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Richmond castle has had a long and varied history, beginning with the Norman invasion in 1066. Located on the eastern edge of the Yorkshire Dales, the castle stands as the centrepeice of the market town that has grown up around it, with a population of nearly 10, 000.
The Norman Invasion
After William the Conquerer had taken control of Britain between 1066 and 1069, he gave away large areas of land to some of his most trusted followers. One of these was Alan Rufus, William's nephew, who was given a large estate - the land on which Richmond castle now stands - with the aim of suppressing resistance in Yorkshire and acting as a defence against the Scots and Danes. This estate later became known as the Honour of Richmond, with the name coming from the town of 'Richemonte' in Normandy (anon (a), nd).
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Figure 1. Southern Hill and River Swale
Alan Rufus was a key figure in the Harrying of the North, and also constructed a castle at nearby Middleham in Wensleydale. Upon his death at the age of 53, his wealth accounted for 7% of the total national income, which in modern day terms is the equivalent of ?83 billion, therefore making him the wealthiest person in Britain's history (Beresford & Rubinstein 2007, cited Narain 2007, n/a).
The area of land was carefully chosen so as to make the most of the natural defenses available. It sits high above the River Swale, with a 20m drop to the water below (Fig.1). The river is the second fastest in the country and curves around two sides of the triangular bailey, with more steep slopes adding to the natural defensive elements.
In addition to the obvious defensive benefits of the River Swale there were few people living further up Swaledale so it was remarkably unpolluted, providing a constant supply of fresh, clean water. Finally, the site of the castle provides extensive views in all directions, but particularly to the south - where, on a clear day, York can be seen - and east towards the North York Moors. This would obviously be useful for spotting any potential attackers from the more populated Vale of York, a long way off.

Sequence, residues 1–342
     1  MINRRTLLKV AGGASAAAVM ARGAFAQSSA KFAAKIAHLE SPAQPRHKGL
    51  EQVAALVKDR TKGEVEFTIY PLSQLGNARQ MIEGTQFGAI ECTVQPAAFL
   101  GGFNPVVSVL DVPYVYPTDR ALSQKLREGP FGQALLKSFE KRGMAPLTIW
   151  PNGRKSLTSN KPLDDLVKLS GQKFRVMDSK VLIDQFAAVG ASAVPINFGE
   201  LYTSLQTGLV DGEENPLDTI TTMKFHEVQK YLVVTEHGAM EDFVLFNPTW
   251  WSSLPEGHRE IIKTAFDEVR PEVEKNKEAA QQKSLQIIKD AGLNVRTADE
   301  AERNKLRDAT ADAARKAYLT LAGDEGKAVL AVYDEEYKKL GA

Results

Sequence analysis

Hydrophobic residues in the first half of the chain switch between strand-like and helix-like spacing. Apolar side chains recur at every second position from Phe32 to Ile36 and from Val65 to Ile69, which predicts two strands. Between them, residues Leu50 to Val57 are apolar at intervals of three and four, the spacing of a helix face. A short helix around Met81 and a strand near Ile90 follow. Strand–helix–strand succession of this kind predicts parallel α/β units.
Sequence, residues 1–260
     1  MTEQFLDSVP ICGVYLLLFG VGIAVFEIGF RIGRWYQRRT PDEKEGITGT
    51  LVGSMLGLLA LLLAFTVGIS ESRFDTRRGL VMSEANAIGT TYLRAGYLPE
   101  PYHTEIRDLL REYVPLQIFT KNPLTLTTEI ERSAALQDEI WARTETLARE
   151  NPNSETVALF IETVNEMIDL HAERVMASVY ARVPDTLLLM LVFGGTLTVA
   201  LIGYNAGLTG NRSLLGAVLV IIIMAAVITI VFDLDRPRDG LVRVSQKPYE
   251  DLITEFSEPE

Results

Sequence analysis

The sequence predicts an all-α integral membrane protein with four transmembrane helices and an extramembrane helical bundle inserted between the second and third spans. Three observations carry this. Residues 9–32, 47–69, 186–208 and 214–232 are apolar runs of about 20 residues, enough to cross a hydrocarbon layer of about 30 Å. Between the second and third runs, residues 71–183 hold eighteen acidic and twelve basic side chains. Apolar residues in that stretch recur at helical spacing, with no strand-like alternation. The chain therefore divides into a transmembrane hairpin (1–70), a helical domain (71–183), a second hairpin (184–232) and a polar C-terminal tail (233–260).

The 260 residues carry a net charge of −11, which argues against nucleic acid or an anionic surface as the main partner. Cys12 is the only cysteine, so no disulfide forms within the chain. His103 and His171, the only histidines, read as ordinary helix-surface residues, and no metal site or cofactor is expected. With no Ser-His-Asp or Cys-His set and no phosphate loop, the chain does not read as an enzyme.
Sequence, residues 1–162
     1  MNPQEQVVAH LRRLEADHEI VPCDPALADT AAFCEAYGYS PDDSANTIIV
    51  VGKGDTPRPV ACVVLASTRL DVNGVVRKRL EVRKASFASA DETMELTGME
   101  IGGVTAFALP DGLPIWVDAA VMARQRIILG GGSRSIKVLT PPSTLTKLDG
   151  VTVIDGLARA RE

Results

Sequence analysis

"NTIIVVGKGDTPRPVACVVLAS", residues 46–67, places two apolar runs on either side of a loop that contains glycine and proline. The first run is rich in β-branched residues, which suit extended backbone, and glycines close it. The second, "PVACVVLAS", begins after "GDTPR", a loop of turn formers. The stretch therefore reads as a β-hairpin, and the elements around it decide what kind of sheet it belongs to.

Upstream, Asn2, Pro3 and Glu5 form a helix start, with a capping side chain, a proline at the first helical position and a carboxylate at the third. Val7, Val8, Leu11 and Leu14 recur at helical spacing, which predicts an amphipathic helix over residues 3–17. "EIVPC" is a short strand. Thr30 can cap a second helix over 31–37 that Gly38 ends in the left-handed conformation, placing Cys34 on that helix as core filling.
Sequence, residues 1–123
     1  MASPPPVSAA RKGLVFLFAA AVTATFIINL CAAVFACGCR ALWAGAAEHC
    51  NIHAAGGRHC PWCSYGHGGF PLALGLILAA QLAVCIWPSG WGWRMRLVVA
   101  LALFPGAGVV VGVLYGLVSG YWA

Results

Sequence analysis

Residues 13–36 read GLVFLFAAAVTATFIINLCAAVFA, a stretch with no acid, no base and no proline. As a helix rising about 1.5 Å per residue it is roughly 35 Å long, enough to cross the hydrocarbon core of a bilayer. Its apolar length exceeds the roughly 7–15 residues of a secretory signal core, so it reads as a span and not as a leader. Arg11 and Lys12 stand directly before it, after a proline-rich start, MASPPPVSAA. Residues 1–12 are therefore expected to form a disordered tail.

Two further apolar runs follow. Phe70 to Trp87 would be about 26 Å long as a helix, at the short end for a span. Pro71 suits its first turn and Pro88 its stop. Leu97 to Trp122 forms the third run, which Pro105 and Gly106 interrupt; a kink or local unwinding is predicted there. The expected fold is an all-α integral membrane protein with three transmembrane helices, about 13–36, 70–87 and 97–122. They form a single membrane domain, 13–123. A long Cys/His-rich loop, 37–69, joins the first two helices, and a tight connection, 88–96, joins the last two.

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Figure 2. Diagram of the castle layout
Work was started on the castle in 1071 and it has stood for almost a thousand years, making it one of the oldest stone castles in the country, along with Durham and Colchester (anon (a), nd). Very little of what can now be seen is actually the original structure, as a lot has been added since, including the Keep itself which was only built in the late 12th century. The archway underneath the Keep, and certain areas of masonry along the east and west walls still remain, but even these features are well disguised amongst more recent additions. The Keep was built by Conan 'the little', who also constructed the barbican, replaced the wooden palisade on the southern flank with a stone wall and fortified the cockpit (Fig. 2). These changes were made in response to increased insecurity and turmoil at the time and were completed by Henry II.
Figure 3. Scolland's Hall - Showing holes for the beams to support the first floor and large arched Norman windows
In the south eastern corner of the castle are a number of important buildings where the Earl would have spent a lot of his time. These include Scolland's hall (Fig. 3), a two-storey building with a great hall on the first floor which would have been used for banquets. Other sections were added later, such as the kitchen in the 12th century and the Chapel and Great Chamber in the 14th. At this time, a large window was installed at the eastern end of Scolland's Hall, to provide better light to the area where the Earl would have sat.